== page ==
The purpose of using a particular font size and type in your MLA paper format is to make your text easy to read. While some assignment instructions may specify which font type or size to use, not all do. When you are not given specific instructions, use the following guidelines in your MLA paper format:
- Choose a legible font by selecting one where the regular type and the italic type are different enough to make the use of either clear. “Times Roman Numeral” is always a great choice, but “Arial,” “Lucina,” “Modern,” and “Palermo” are also okay.
- Avoid scripted fonts. While these fonts might appeal to you, they often make your content harder to read.
- Use 12-pt. font as recommended by the MLA paper format. Sometimes, it is permitted to use 10- or 11-pt. font, but make sure this is okay under your instructions.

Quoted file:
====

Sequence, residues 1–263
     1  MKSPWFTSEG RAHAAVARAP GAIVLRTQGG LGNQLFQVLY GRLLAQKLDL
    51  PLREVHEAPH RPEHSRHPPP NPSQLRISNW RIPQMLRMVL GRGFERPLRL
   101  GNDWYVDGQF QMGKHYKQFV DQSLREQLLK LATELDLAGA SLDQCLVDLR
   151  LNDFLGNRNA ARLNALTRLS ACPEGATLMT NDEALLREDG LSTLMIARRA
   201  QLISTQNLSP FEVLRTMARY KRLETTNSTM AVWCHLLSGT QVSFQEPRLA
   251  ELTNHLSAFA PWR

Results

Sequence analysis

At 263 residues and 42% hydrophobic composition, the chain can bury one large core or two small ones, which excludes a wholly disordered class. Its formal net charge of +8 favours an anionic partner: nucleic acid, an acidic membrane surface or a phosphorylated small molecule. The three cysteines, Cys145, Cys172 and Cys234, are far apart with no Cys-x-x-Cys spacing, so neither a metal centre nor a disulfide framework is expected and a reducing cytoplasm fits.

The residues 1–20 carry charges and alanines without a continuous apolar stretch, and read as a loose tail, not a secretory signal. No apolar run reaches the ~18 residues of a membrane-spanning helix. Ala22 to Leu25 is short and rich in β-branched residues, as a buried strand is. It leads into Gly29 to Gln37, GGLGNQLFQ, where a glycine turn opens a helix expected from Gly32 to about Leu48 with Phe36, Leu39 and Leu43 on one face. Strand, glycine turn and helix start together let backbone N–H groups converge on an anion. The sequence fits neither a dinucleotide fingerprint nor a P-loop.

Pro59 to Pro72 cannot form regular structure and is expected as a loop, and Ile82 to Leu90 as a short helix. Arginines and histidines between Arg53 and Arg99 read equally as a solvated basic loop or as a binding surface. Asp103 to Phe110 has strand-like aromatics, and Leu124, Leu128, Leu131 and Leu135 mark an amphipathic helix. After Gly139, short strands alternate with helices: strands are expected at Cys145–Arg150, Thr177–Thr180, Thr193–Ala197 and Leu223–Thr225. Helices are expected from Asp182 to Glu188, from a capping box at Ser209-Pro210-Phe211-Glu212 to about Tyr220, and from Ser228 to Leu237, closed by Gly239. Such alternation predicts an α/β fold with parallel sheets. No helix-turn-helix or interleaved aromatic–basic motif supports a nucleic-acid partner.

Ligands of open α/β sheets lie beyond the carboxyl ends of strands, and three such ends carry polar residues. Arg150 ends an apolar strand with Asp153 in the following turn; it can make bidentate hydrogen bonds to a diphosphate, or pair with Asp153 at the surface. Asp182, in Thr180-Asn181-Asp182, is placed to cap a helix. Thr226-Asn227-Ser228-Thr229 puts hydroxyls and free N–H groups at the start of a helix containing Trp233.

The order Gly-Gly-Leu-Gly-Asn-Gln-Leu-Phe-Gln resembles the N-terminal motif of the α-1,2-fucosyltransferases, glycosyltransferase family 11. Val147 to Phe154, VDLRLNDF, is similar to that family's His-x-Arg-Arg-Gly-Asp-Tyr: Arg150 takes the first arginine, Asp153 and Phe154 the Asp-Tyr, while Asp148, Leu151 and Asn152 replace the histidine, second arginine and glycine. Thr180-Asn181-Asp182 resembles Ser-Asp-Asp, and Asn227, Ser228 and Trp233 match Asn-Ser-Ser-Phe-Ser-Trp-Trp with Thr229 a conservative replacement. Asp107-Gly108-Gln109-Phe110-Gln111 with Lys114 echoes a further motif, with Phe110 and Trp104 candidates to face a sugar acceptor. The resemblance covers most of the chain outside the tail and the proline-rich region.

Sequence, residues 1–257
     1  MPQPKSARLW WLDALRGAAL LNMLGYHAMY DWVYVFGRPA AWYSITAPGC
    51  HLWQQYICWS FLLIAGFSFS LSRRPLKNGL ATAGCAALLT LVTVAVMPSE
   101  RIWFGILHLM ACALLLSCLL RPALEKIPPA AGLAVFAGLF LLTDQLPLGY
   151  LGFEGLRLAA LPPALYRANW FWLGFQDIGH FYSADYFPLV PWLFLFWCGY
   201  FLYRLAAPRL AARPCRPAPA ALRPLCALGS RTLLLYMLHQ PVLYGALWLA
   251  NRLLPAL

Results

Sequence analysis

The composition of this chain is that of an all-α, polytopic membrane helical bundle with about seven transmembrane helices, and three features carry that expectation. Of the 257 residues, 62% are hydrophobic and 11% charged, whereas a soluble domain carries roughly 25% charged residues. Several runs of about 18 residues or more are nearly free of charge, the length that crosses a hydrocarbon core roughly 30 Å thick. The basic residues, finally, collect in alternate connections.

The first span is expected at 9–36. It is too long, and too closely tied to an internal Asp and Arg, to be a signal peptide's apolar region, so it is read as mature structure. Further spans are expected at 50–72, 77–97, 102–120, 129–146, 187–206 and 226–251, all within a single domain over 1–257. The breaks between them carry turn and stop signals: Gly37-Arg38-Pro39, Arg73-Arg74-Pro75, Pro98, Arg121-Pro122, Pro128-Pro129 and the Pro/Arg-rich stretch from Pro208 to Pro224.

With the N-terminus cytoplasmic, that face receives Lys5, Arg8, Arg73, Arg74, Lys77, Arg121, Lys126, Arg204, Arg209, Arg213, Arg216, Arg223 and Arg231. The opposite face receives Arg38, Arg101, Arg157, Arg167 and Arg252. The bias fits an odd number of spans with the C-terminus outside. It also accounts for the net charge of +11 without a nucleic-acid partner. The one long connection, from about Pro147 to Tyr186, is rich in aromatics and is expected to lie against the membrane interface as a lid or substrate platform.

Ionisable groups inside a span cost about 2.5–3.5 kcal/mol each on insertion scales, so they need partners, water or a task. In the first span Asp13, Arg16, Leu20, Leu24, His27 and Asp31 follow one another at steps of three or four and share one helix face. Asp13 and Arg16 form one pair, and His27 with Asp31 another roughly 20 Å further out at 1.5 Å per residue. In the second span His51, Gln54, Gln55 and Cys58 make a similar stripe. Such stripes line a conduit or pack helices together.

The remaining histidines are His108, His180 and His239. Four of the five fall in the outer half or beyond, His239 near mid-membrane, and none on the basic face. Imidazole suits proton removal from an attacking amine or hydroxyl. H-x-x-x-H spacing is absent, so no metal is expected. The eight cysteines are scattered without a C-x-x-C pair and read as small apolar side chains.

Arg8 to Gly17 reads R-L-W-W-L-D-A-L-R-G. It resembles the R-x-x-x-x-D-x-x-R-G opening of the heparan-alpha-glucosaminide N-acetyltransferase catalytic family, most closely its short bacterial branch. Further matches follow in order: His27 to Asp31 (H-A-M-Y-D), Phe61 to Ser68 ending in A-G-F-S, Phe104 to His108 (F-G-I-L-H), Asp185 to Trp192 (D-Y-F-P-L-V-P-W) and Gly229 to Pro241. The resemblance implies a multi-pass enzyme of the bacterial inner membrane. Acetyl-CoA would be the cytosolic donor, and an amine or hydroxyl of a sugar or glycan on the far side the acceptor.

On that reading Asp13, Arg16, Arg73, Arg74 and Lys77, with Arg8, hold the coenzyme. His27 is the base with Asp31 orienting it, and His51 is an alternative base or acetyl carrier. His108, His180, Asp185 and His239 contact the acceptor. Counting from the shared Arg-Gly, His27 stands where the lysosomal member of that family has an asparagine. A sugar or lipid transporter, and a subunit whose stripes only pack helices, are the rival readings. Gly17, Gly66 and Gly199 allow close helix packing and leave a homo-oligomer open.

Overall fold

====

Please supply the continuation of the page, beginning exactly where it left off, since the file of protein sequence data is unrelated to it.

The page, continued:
- Never increase your font size to stretch the length of your paper.
The first page of MLA paper format
The first page of the MLA paper format differs from subsequent pages. It contains more heading information, your paper title and, if it applies, an epigraph. The first page is the only page that includes the whole heading and your paper title.
- List your full name, your instructor’s full name or preferred title, the name of your course or class and the date you are turning in the paper, each on a separate line. Double space between each line.
- Make sure to use a double space between the date and your paper title.
- Center your title, and use title case for capitalization. Do not use underlining or italicizing within your title, and avoid using quotation marks unless the title of something else is within your title. Do not put your title in all capital letters.
- Double space between the title and the start of the first paragraph.
Epigraph formatting for MLA paper format